Malaysia is a classic success story of how a backwater nation - dependent on agriculture and primary commodities - evolved into a manufacturing-based, export-driven economy in a period of less than 30 years after its Independence in 1957; spurred on by high technology, knowledge-based and capital-intensive industries.
Given Malaysia's diverse economic structure and sound domestic fundamentals, the Government remains confident of achieving a healthy growth rate in 2008. The country continues to enjoy healthy surplus in external trade, low unemployment as well as strong international reserves and high national savings. In fact, the country continues to draw foreign investors, with its supportive government policies and a Liberal Equity Policy; where effective from June 2003, 100% foreign equity holding is allowed for all investments in new projects. Other strong motivators include the employment of expatriates, attractive tax incentives, an educated and well-skilled workforce, harmonious industrial relations, as well as developed infrastructure and industrial parks - making Malaysia truly inviting and open to foreign investor
Catalysing Growth in the Gateway to the South of Peninsula Malaysia
The Iskandar Development Region (IDR) is set to become Malaysia's most sustainable and developed region of international standards. Located in Johor, the southernmost state of Peninsular Malaysia, the IDR is ideally located in the flight path of Asia's mushrooming growth centres such as Hong Kong, Seoul, Shanghai, Taipei, Tokyo and the Indian sub-continent.
Taking into account the strategic importance of southern Johor, the Federal Government supports this rapidly growing state in respect of planning, implementation, coordination, control, management, finance and promotion to ensure the success of the IDR.
The development of the IDR responds to the challenges on the movement of capital and skilled workforce, development of ICT and flow of information with the realisation that economic prosperity in modern times depends on being globally competitive. As such, the IDR is envisaged to be an "international city" to decrease trade barriers and increase human mobility and international financing, which greatly influence the activities of giant international corporations.
In this context, Johor's closest international neighbours are Singapore and Indonesia. The development within these countries will inevitably impact upon the development of IDR. In particular, IDR is eyeing an influx of a strategic transfer in labour and land-intensive as well as lower value-added industries - as well as the vast labour resources that Indonesia is able to provide, to catalyse its growth.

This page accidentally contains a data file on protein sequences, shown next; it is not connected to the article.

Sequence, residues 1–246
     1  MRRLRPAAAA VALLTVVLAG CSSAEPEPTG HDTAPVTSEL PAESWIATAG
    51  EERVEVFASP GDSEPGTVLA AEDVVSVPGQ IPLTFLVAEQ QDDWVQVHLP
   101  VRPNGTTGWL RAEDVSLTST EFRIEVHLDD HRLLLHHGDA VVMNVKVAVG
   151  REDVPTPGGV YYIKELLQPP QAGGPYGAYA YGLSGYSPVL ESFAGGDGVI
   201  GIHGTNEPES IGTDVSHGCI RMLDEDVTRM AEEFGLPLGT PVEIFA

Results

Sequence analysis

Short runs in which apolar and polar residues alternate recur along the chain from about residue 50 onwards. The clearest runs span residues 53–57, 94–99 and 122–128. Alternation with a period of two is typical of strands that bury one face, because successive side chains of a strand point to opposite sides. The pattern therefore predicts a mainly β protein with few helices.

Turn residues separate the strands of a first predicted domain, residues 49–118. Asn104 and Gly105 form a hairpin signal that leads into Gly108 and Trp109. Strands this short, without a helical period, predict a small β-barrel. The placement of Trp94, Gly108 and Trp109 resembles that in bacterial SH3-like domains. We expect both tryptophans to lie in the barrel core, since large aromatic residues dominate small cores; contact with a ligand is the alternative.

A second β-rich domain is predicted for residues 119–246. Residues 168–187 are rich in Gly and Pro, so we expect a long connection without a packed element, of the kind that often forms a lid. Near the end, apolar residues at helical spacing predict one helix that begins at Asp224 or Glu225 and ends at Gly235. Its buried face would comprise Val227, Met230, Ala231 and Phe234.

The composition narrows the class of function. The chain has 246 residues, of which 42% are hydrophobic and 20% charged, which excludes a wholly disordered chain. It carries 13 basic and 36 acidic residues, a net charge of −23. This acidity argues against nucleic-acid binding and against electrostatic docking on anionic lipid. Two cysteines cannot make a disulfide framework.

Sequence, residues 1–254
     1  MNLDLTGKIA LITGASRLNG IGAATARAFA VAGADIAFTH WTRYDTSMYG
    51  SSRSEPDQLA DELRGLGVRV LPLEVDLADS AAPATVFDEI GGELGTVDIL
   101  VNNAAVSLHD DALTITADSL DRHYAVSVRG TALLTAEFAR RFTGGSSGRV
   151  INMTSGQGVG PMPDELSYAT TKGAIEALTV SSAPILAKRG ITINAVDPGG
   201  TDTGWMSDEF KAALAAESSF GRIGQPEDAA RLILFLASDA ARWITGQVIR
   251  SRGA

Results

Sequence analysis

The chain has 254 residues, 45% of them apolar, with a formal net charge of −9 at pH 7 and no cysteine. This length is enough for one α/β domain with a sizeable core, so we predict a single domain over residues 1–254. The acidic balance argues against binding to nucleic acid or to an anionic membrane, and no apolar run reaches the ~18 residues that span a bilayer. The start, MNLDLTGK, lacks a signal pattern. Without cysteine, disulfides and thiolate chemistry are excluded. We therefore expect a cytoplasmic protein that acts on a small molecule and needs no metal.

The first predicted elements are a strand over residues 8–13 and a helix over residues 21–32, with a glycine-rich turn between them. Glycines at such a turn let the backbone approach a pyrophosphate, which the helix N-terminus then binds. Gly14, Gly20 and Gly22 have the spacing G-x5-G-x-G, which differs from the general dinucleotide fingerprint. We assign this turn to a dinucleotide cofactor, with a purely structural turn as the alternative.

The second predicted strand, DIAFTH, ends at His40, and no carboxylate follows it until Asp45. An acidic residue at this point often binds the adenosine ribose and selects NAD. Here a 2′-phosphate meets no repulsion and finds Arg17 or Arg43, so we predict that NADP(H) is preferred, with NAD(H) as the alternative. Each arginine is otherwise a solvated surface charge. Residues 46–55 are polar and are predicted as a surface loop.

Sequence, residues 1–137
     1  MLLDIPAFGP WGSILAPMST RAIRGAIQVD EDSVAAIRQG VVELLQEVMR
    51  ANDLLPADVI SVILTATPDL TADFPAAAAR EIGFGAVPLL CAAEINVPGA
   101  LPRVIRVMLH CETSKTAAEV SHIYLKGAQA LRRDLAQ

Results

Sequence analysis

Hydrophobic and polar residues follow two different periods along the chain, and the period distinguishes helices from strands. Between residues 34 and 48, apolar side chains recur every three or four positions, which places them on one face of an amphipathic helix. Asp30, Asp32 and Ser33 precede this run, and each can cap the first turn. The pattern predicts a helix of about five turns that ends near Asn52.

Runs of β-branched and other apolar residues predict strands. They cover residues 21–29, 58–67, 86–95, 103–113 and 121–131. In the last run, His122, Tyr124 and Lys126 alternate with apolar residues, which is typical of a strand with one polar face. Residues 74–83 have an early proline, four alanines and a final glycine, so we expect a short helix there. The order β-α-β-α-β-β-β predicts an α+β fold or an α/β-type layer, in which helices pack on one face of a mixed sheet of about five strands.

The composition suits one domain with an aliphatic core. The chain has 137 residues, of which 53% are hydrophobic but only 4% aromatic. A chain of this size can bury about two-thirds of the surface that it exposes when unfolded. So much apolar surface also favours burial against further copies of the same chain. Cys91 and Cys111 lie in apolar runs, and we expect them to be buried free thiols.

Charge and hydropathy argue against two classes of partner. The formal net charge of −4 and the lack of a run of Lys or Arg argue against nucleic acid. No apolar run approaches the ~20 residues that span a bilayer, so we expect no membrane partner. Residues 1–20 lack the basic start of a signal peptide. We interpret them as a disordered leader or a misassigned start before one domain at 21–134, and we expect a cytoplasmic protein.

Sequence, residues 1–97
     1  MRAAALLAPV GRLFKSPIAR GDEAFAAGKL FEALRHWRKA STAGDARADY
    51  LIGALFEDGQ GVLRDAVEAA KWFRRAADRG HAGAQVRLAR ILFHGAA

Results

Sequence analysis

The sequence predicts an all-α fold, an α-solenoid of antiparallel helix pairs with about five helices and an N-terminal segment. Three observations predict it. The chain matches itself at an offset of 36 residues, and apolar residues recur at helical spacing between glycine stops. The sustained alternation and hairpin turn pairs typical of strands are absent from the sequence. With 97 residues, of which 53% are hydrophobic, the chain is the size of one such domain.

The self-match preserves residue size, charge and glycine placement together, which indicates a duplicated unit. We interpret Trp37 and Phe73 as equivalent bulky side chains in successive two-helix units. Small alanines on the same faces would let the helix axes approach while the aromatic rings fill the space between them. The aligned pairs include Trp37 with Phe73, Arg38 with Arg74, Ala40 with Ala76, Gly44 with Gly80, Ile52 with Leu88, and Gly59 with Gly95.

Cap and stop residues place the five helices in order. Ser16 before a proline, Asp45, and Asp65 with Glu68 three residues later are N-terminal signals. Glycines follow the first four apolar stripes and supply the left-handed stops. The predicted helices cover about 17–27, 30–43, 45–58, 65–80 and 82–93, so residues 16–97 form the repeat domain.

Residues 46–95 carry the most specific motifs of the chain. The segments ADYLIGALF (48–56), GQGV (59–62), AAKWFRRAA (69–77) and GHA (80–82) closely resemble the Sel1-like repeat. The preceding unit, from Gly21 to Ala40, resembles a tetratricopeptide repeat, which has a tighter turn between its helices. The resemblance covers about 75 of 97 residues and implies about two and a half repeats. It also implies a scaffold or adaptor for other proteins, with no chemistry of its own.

Obviously, an influx of foreign residents with high skills and income would lead to world-class standards in social, educational, health and recreational facilities, as well as other amenities. And these are pre-requisites to attract and retain the inflow of international investments and highly skilled managerial and professional workforce. To begin with, foreign skilled workers in IDR are offered the option of importing or purchasing a duty-free car for their personal use. These incentives are similar to those offered under the Malaysia My Second Home (MM2H) Programme.
What IDR aims to do, is attain a well developed, internationally and internally integrated, strong and efficient logistic system. Such a system, in turn, will give it a high level of national and international accessibility, not to mention internal mobility as well.
In a nutshell, economists, both local and foreign, expect the region to experience a boom in capital appreciation and rapid population growth. Translated into real estate speak, property prices in Malaysia's Southern Corridor are on the uptrend; in tandem with the growth and catalyst that is the IDR.
"Thanks to its strategic geographical location, the IDR is the place to do business within the Johor-Singapore-Indonesia (JSI) Triangle. It offers state-of-the-art infrastructure and a world-class business environment.